Did Habitat III make progress on the stickiest of urbanization issues — land reform?
Policymakers will be pushed to recognize the importance of tenure reforms in cities, analysts say. Such processes also can do much to stem rural migration to cities.
Today, women own most of the land plots in Kigali, the capital of Rwanda. Ten years ago, they didn’t own any. That’s because it was illegal for a land title to be registered in a woman’s name. But starting in 2007, the country embarked on a national land-registration programme with the goal of regularizing the status of land in the country in order to empower Rwandan women and improve economic prospects.
Now Kigali is a bright spot on the African urban landscape. With award-winning master plans, city leaders have worked to keep the city clean from litter and pollution, and well-organized with functioning transit. Their efforts are paying off, as a building boom is cementing Kigali’s reputation as one of the continent’s leading examples of sustainable urbanism.
Land-reform efforts a decade ago are not the only key to the city’s success, but they are certainly a factor. They’re also a testament to the importance of land — the foundation of any city.
In October, the United Nations convened a major international summit on the future of cities, known as Habitat III. The conference’s secretary-general, UN-Habitat Executive Director Joan Clos, insisted that land issues were the most important component of success urban development. “If you want to do proper urbanization, you need to do … land reform,” he said on the eve of the conference.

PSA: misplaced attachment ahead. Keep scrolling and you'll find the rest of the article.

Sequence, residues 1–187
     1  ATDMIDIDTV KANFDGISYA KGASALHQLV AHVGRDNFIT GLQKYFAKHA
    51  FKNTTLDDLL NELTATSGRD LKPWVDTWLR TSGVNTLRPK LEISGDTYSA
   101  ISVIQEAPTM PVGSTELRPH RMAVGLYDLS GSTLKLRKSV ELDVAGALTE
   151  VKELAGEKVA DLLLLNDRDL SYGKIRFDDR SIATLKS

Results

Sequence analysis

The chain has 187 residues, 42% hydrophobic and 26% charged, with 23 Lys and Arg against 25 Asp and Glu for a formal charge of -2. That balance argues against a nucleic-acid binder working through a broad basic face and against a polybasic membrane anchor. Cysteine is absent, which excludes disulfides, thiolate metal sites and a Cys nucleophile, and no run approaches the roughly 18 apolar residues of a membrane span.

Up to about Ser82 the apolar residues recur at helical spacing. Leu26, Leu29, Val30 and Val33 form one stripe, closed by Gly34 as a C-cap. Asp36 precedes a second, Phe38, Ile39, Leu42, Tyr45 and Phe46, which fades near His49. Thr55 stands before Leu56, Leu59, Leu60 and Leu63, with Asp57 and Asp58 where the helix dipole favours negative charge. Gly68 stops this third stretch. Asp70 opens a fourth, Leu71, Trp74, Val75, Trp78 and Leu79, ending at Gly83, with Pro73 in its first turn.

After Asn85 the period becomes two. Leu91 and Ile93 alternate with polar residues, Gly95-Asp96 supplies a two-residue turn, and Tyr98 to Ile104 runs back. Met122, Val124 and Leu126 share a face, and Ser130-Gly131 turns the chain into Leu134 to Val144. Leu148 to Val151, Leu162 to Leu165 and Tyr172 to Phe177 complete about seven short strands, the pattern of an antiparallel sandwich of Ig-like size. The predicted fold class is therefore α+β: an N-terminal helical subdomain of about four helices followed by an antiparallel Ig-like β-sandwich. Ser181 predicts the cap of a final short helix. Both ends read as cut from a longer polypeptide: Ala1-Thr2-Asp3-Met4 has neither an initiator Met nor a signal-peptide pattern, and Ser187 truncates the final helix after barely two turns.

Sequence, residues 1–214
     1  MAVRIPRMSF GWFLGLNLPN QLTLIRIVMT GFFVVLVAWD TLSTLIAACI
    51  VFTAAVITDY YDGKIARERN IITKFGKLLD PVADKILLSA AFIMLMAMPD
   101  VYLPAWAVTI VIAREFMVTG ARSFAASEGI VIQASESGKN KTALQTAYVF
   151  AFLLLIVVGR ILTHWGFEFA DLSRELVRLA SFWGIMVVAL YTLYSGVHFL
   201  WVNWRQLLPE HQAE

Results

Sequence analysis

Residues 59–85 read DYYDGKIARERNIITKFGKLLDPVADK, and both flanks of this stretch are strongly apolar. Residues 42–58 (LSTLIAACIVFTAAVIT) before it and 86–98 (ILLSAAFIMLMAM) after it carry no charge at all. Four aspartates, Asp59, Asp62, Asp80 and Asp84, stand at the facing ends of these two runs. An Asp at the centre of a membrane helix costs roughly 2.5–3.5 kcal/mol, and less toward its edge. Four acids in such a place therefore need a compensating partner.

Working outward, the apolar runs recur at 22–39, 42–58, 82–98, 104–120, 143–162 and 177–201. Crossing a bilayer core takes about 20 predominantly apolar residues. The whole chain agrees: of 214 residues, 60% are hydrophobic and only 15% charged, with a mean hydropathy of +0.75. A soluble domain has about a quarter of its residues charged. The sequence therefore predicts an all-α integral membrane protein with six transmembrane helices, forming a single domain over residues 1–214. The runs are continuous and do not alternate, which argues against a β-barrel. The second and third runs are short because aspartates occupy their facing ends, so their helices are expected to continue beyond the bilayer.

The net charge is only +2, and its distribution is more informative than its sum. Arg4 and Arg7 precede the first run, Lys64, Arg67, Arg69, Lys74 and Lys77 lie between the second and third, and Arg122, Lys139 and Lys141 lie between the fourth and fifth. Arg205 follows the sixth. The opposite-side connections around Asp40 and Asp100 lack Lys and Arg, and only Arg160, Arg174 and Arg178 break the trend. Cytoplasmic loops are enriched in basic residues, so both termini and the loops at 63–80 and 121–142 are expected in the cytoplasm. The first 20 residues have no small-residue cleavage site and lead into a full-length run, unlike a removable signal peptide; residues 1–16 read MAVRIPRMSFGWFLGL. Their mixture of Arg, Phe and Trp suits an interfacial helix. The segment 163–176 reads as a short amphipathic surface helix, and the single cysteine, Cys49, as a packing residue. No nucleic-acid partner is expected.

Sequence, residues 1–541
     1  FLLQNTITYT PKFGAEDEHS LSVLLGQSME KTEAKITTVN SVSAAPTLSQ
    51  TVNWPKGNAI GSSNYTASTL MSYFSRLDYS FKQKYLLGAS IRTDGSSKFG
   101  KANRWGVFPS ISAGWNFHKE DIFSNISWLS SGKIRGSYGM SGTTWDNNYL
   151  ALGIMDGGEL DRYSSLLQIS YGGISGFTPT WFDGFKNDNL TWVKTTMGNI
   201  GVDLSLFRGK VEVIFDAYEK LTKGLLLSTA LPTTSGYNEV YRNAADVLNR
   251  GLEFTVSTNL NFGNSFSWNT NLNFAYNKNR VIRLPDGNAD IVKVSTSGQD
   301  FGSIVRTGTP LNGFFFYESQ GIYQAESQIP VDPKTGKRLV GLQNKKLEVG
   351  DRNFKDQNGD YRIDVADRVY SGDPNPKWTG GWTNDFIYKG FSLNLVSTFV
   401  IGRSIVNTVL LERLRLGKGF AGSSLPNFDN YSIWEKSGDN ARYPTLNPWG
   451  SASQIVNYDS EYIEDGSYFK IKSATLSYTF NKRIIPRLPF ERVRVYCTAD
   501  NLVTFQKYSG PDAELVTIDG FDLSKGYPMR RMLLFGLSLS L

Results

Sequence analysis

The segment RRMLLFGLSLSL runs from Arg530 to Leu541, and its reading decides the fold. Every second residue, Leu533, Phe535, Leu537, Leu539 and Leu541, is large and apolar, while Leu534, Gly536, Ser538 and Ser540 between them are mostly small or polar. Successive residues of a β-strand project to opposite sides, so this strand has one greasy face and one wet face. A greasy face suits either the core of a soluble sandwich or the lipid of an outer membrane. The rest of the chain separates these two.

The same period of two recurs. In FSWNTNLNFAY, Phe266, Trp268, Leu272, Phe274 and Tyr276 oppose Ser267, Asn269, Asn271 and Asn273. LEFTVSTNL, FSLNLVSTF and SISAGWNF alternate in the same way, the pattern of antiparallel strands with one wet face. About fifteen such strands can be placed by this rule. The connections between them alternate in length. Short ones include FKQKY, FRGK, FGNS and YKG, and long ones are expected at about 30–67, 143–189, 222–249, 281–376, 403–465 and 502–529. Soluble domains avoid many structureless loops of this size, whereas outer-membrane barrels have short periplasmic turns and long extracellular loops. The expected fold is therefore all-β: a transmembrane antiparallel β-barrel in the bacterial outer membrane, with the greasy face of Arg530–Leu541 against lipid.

But he also cautioned that this is easier said than done. “Even if I say ‘land reform’ 40,000 times,” he said, “that is not going to be diminish an ounce of the conflict that is behind this idea.”
Pull of cities
Humans have fought over land for centuries, so brokering land reform peacefully is fraught with challenges.
“Mitigating that pull factor of rural-to-urban migration by having stronger land rights in rural areas can in turn increase agricultural productivity, which increases rural incomes.”
“People exert tremendous energy and imagination to have land claims recognized as rights, because access and use of this finite resource — land — determines their social status, wealth and power,” said Oumar Sylla, who runs UN-Habitat’s Global Land Tool Network. Land is ultimately an existential issue for many people. As a result, he said, land reform is “a highly contentious and political process, because it has very clear dimensions on people’s livelihood.”
Part of this challenge stems from the varying natures of land ownership, which have sprung up in different ways across the world depending on local custom and tradition, in ways that can clash with progressive reform efforts.
In Ghana, for example, hereditary chiefs have been the customary owners of land for generations. “There is a lot of bad blood between national governments and traditional authorities because of compulsory acquisitions, attempts to do land reform in the past,” said Beth Roberts, a land tenure specialist at Landesa, a land rights NGO. “You always have this very widespread sense that land, access to land and rights to land are something that is really valued by most of the people in the country.”
Ghana’s government will soon introduce a land bill aimed at reducing tension with traditional authorities by straightening out the relationship between formal and customary systems of tenure. The effort comes as urbanization is rapidly increasing slumlike conditions in and around Accra, the capital and largest city. Already, a third of people in metro Accra live in informal conditions; nationally, the figure is 5.5 million out of a total population of 14 million.